Secrets to successful practice groups
By Susan Raridon Lambreth, Hildebrandt International, Posted December 2007
While most large law firms have had practice groups operating for many years, only in the last five- to 10 years have most Canadian firms made practice groups the primary form of firm management. Prior to adopting this kind of structure, most firms had grown through adding offices, and below the central firm management level, the regional/provincial offices were the main way of managing the firm.
As firms implemented national or firm-wide practice groups, they discovered that they can attract national and international clients, achieve much greater profitability, create more consistent client service across their firm, increase lawyer retention, and more. When it comes to implementation, there are almost as many different structures as there are law firms – there’s no “one-size-fits-all” solution, there are common elements, evident at the both firm and practice group level, in the successful firms.
Keys to success – firm level
First, a firm must select a structure that will allow it to accomplish its strategy. A narrow boutique practice in labor and employment, for example, wouldn’t be a good candidate to adopt a practice group strategy because most, if not all, of the lawyers would be in one practice group. Should these types of firms experience growth, such as U.S. firm Littler Mendelson, they’re generally managed at the office level, with a secondary management structure of industry teams.
Face time is required for group members to build trust and develop a real group identity and commitment to each other.
For most multi-service and multi-office firms pursuing high value work across provincial borders, the structure that makes most sense is one where the practice groups are the primary management dimension and offices are secondary. A few large firms in the U.S. – and a slightly larger number in Canada – still have offices as their primary management dimension, and practice groups are secondary. Our experience indicates that these firms do not usually compete for national work at the same level as firms that are managed primarily through practice groups.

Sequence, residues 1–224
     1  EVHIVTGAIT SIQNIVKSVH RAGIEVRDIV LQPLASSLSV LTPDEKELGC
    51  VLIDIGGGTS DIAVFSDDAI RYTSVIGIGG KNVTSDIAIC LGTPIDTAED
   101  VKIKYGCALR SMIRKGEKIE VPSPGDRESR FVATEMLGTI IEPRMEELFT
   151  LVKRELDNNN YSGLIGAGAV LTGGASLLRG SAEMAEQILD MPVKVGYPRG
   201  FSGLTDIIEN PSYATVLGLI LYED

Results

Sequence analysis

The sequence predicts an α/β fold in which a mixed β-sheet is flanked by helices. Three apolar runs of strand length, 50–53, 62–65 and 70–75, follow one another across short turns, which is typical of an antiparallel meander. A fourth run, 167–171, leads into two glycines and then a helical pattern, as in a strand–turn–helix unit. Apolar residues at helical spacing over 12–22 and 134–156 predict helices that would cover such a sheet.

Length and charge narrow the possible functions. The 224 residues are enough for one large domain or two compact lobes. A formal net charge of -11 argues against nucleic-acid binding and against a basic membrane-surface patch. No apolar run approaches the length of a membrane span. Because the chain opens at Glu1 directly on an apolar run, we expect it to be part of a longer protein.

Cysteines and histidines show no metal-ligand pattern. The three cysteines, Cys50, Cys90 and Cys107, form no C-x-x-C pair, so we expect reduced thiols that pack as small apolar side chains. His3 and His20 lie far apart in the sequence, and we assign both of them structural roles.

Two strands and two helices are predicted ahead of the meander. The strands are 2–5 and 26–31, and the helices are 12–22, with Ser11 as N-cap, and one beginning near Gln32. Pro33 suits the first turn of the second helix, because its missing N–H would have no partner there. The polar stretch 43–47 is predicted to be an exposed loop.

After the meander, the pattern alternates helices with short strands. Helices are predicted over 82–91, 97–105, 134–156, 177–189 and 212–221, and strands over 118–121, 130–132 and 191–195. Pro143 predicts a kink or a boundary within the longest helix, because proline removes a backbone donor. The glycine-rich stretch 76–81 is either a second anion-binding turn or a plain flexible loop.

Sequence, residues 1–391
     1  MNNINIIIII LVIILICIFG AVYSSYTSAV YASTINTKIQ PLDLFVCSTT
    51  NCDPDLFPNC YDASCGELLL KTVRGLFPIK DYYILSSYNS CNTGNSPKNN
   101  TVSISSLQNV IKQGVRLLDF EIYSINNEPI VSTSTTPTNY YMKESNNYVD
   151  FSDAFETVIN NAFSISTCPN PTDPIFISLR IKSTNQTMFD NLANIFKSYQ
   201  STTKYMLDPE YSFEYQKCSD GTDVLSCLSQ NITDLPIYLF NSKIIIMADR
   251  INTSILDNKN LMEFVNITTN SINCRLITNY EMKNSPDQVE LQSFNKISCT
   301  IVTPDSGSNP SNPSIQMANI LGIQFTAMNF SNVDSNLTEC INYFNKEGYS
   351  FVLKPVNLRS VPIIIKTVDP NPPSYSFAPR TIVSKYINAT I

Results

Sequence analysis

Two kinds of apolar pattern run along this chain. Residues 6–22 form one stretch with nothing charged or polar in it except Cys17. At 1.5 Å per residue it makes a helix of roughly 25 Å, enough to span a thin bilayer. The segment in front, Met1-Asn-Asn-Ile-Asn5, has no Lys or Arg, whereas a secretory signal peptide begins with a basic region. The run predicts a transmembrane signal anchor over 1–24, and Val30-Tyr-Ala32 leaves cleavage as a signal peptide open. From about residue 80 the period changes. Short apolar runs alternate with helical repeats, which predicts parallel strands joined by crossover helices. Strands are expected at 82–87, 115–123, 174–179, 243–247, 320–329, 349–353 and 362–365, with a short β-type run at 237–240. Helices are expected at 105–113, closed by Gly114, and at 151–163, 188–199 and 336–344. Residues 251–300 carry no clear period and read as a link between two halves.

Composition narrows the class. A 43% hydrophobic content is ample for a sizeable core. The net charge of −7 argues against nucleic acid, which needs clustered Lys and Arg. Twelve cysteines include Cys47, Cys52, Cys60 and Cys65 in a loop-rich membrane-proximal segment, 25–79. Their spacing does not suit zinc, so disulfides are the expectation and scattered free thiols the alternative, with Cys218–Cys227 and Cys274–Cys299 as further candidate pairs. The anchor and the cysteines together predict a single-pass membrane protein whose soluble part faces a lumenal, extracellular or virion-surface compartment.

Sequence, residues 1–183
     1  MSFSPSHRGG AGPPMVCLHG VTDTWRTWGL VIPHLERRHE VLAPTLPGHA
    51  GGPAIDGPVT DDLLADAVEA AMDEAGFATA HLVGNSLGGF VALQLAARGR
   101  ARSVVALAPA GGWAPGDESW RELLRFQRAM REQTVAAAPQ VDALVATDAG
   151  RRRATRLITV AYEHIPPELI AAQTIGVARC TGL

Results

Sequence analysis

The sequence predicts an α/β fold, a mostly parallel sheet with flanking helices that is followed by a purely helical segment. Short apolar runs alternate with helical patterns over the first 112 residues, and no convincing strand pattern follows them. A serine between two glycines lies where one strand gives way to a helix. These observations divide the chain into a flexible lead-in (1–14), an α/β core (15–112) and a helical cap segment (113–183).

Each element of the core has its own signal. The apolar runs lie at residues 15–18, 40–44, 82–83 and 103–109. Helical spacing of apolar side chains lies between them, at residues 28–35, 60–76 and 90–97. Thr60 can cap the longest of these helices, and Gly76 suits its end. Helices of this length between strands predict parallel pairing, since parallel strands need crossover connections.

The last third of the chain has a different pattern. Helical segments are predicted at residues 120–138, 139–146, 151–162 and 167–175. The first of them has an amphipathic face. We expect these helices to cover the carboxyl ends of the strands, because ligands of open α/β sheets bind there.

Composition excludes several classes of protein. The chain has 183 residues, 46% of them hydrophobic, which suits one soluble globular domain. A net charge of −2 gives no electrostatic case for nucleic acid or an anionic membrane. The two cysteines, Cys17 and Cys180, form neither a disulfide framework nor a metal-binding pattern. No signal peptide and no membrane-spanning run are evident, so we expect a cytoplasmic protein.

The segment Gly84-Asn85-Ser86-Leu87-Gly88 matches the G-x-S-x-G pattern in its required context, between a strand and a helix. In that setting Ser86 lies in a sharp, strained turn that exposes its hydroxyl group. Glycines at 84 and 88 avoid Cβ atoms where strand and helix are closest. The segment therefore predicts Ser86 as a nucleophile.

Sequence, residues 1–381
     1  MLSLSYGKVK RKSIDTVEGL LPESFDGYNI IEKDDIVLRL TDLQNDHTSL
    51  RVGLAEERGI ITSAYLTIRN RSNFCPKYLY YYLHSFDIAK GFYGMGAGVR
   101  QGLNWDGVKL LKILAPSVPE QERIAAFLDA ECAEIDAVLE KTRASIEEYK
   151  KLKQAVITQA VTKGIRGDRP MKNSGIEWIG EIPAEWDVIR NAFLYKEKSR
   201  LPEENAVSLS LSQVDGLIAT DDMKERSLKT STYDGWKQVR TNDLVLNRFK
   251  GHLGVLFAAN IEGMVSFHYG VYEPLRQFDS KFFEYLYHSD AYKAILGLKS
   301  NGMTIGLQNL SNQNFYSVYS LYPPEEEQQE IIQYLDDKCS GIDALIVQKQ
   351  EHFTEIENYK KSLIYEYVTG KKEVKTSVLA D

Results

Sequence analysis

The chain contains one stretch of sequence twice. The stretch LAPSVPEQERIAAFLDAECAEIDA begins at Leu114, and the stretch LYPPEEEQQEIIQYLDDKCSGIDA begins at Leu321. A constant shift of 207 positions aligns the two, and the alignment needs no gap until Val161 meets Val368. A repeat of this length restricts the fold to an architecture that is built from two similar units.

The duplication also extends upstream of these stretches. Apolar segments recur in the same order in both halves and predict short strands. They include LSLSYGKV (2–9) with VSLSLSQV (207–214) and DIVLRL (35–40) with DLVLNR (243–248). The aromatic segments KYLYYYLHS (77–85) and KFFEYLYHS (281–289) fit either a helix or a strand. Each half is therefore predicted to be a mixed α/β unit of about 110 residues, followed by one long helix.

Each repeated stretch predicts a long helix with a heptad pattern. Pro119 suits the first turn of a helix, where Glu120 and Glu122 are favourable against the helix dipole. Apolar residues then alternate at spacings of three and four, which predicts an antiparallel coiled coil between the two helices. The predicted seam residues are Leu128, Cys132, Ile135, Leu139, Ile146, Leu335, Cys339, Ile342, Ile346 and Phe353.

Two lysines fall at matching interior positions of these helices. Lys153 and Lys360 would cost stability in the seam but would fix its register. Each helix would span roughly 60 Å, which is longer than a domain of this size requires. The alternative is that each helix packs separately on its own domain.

Second, the compensation system must be aligned to support practice group activities – both by the leader and the members of the group. The primary factors for compensation in many firms historically are production and business generation, mostly on an individual basis. For practice groups to be successful, partners have to be compensated, in part, by how their group performs and how they have contributed to that group’s success.
Otherwise, you find that a few partners are “good citizens,” but most of the burden of the group’s work falls on the group leader and there is only a limited amount the group will be able to accomplish.
Third, and related to the second, partners must buy in to being part of the group activity and not just acting like “lone cowboys.” Some law firms historically have been more like a loose confederacy of sole practitioners operating under one roof. Unless they are able to get partners to change – a difficult task – these firms are rarely successful with practice management.
The key areas where individual partner autonomy are most affected are in client intake (which must be controlled by the practice group leader, or someone in firm management above the leader, but with their input), work assignment (where the leader must have the authority to have a partner use someone other than their “favorite associate” if that’s not the best decision for the group) and financial performance (where all partners in the group must feel that their compensation is affected by the group, and thus they will actually take time to train associates, be accountable for the integration of lateral hires, not accept discounted work that devalues the group’s image in the marketplace, etc.).
Firm management must be willing to hold partners accountable for participating in the practice groups, and for not undermining the practice groups. Experience indicates that if you try to have practice group leaders operate without this level of buy-in, they tend to either “burn out or burn bridges.” Then, in a few years, when the firm tries to implement practice management again and do it “right,” the best people for the practice leader jobs either can’t or won’t accept the role..
“Assuming you have a capable replacement, leaving an ineffective practice group leader in the role undermines the effectiveness of other practice group leaders as well.”
Fourth, firm management needs to develop clear job descriptions for all the practice management roles – department chairs, practice group and team leaders, office managing partners, industry team leaders and client team leaders. Then, after consulting with the individuals in these roles, these desc riptions need to be communicated clearly and repeatedly to all lawyers and staff. Practice leaders have less risk of being viewed as “czars” when firm management does a good job of communicating these roles and expectations and getting buy-in from their partners.
Fifth, the firm should select the right people as practice group leaders. Ten years ago, many of the practice group leaders were the top rainmakers or senior lawyers in their groups. According to our surveys, today few of them fit this description – not because a rainmaker isn’t capable of doing the job, but because they typically lack some of the necessary strengths needed for the practice group leader roles, including: